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BusinessFinance Ministry evaluating PSB recapitalisation avenues

Finance Ministry evaluating PSB recapitalisation avenues

Published: 16th Jan 2021 7:16 pm

New Delhi: With the RBI raising concern over the issuance of zero coupon bonds for recapitalisation of public sector banks (PSBs), the Finance Ministry is examining other avenues for affordable capital infusion including setting up of a Bank Investment Company (BIC), sources said.

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Setting up a BIC as a holding company or a core investment company was suggested by the P J Nayak Committee in its report on ‘Governance of Boards of Banks in India’. The report recommended transferring shares of the government in the banks to the BIC which would become the parent holding company of all these banks, as a result of this, all the PSBs would become ‘limited’ banks. BIC will be autonomous and it will have the power to appoint the board of directors and make other policy decisions about subsidiaries.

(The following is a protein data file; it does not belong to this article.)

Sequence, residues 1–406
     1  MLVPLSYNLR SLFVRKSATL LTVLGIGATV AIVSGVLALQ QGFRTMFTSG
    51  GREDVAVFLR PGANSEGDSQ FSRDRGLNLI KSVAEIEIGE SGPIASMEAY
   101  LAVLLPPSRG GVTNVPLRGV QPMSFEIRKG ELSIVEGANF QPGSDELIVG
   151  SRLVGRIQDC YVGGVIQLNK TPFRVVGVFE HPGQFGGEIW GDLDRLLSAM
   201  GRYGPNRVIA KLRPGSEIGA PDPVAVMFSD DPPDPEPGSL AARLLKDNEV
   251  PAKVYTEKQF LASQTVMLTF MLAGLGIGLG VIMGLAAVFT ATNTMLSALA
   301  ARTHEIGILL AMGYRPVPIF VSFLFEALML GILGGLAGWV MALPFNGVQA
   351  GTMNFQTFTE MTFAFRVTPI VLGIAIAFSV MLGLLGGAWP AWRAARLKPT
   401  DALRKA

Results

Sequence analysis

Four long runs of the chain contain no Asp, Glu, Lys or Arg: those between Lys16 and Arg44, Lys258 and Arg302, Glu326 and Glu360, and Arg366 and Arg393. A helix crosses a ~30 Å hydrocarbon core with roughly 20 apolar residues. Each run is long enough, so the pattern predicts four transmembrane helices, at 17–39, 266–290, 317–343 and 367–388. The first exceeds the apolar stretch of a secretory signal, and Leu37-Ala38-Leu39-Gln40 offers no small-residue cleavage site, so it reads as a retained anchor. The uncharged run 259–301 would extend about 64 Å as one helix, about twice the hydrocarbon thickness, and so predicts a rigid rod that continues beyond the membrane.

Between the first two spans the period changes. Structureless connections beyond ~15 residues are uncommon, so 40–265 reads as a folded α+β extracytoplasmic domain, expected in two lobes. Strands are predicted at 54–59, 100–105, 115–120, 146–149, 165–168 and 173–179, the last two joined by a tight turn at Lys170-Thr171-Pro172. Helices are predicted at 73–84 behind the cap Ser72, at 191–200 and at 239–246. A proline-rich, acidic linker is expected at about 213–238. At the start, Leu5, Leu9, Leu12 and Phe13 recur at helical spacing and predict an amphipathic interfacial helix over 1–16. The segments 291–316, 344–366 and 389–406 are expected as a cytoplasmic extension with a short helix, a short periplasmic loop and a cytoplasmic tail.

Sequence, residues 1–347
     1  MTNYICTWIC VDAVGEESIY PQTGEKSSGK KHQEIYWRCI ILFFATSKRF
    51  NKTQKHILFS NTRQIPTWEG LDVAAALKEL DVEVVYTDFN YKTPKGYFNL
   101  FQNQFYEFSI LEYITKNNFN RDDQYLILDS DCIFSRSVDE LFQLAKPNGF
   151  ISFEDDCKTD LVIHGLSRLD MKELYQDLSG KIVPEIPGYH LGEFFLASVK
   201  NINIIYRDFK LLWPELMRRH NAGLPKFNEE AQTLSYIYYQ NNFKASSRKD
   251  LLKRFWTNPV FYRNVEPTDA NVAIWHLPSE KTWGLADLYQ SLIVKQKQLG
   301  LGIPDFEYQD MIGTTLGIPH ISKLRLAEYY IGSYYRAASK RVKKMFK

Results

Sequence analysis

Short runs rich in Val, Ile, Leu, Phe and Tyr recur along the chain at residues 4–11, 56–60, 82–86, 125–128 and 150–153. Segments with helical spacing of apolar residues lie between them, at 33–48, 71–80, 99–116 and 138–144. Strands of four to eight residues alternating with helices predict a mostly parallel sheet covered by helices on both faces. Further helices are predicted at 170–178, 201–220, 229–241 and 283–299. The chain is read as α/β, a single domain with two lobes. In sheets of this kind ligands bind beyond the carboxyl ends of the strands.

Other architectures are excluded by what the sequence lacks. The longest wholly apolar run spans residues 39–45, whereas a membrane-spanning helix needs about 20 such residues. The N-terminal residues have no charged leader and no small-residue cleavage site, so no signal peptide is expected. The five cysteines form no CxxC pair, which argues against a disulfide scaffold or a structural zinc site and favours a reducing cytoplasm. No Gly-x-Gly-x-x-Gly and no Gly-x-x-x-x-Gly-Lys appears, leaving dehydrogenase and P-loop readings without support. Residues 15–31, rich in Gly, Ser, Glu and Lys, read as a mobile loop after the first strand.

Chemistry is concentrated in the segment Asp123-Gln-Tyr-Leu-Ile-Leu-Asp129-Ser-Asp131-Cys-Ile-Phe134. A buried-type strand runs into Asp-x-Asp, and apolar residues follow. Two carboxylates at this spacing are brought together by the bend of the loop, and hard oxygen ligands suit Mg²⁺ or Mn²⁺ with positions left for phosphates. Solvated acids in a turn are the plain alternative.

The idea of BIC, which will serve as a super holding company, was also discussed at the first Gyan Sangam bankers’ retreat organised in 2014, sources said, adding it was proposed that the holding company would look into the capital needs of banks and arrange funds for them without government support.

It would also look at alternative ways of raising capital such as the sale of non-voting shares in a bid to garner affordable capital. With this in place, the dependence of PSBs on government support would also come down and ease fiscal pressure.

To save interest burden and ease the fiscal pressure, the government decided to issue zero-coupon bonds for meeting the capital needs of the banks. The first test case of the new mechanism was a capital infusion of Rs 5,500 crore into Punjab & Sind Bank by issuing zero-coupon bonds of six different maturities last year. These special securities with tenure of 10-15 years are non-interest bearing and valued at par.

However, the Reserve Bank of India (RBI) expressed concerns over zero-coupon bonds for the recapitalisation of PSBs. The RBI has raised some issues with regard to calculation of an effective capital infusion made in any bank through this instrument issued at par, the sources said.

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